How many schools use third-party recruiters? "99.9 percent of us," says one coach
The worst thing Donnie Jones did wasn't deal with a third-party recruiter because almost every successful coach has, at one point or another, dealt with a third-party recruiter. (It's what helps make them successful. Duh!) No, the worst thing Donnie Jones did was -- how to put this kindly? -- deal with a dumb third-party recruiter who was more interested in bragging about his connections than not getting caught.
The worst thing Donnie Jones did wasn't deal with a third-party recruiter because almost every successful coach has, at one point or another, dealt with a third-party recruiter. (It's what helps make them successful. Duh!) No, the worst thing Donnie Jones did was -- how to put this kindly? -- deal with a dumb third-party recruiter who was more interested in bragging about his connections than not getting caught conducting business in violation of NCAA rules.
Which led to Central Florida getting caught by the NCAA.
And this should be a wake-up call for everybody to be a little more careful.
"To have a chance to get a really good player, you'd better have somebody on the inside helping you, but Ken Caldwell was dumb," one college coach told me Tuesday after the NCAA announced sanctions against UCF that include a post-season ban. "I'd say 99.9 percent of us [have used third-party recruiters]. How else do you get a player? But Caldwell was sloppy. I mean, what's the difference between Ken Caldwell and World Wide Wes? The difference is that one is smart and one is dumb. One is on Twitter and one isn't."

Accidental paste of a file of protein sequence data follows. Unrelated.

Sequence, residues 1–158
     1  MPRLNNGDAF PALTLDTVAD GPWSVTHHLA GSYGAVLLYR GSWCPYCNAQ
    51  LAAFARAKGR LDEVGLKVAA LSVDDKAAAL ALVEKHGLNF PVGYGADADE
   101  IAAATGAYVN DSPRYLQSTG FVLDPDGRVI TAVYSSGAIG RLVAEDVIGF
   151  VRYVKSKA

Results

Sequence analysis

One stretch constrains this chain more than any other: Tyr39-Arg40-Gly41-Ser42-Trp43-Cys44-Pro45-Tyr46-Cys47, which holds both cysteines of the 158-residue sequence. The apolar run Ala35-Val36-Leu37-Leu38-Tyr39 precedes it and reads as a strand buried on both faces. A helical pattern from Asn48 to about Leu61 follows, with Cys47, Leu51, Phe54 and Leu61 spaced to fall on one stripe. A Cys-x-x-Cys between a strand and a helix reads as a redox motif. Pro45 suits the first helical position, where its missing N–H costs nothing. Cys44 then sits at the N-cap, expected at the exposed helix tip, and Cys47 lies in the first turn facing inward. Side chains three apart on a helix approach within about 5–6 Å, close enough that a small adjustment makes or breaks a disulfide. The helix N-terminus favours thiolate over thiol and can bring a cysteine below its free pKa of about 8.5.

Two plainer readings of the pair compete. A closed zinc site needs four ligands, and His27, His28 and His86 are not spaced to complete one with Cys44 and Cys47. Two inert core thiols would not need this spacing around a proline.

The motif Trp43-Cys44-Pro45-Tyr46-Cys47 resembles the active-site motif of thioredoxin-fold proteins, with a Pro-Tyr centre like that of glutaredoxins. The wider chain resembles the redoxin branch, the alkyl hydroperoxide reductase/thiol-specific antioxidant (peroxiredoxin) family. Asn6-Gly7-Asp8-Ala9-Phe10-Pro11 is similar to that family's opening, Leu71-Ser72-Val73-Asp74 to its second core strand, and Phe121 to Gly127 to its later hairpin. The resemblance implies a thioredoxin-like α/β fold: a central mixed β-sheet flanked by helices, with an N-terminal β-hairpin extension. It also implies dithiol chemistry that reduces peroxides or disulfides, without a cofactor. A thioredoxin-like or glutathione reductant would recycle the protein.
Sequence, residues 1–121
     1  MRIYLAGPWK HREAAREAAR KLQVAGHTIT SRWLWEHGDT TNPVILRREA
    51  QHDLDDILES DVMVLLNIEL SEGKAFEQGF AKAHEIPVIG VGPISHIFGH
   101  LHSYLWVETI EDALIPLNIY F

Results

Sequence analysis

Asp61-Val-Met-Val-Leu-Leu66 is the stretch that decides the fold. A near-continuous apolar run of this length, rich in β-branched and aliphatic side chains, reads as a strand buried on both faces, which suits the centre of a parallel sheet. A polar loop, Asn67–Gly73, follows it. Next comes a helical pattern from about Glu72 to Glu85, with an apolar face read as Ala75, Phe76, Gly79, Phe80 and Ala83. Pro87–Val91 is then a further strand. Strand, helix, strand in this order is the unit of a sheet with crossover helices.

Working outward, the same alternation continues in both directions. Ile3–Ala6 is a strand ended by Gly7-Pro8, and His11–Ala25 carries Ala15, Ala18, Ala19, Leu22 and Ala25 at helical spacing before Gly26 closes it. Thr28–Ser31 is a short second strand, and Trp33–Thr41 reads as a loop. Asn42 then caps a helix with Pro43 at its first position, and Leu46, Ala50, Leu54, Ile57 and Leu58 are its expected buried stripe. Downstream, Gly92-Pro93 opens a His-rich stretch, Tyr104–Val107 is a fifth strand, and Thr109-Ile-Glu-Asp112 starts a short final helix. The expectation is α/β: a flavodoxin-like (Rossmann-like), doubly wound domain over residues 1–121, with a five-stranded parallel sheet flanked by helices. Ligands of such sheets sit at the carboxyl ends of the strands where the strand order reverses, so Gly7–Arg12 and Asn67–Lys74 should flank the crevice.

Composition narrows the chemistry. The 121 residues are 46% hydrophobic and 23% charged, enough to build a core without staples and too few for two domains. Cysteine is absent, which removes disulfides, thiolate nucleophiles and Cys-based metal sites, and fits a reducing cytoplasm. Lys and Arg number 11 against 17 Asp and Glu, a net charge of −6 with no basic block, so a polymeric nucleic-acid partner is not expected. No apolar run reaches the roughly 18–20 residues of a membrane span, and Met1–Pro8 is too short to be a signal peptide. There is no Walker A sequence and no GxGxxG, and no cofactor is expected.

World Wide Wes is, of course, William Wesley -- a man who, fair or not, has long been considered a third-party recruiter by industry sources even though he's never been alleged of anything in any formal way. Perhaps the clean NCAA record is a result of Wes having never done anything improper in his entire life. More likely, though, it's because he's super smart, which brings me back to Caldwell, a (not-so-smart) convicted felon who once publicly connected himself to a sports agency (ASM Sports), bragged to Pete Thamel of the New York Times that his nickname is "Financial" and said the following words when accused of aiding UCF's recruiting in clear violation of NCAA rules: “If telling someone about a place is a crime, lock me up."
Genius, this guy. And when it became clear that Caldwell's background and line of work would be made public in America's most famous newspaper back in April 2011, the Chicago native hardly tried to talk Thamel out of writing the article or change his mind in any way, which, speaking from experience, is usually how such conversations go.
“It’s not going to change my perception or lifestyle one bit,” Caldwell said. “Not one iota. You’ll make me a legend in Chicago. Because that’s what Chicago feeds off of, they love that. You want to make me a legend, do that."
Predictably, Thamel did that.
Which led to the NCAA doing this.
And now UCF's basketball program is in a pretty bad spot as it prepares to transition from Conference USA to the Big East. The Knights won't play in this season's C-USA tournament, could lose star player Keith Clanton to an immediate transfer and will face recruiting restrictions and scholarship reductions going forward, all because they did something countless programs have done. The only real difference here is that UCF did it with a third-party representative too dumb for his own good. Or anybody's good, tell the truth.
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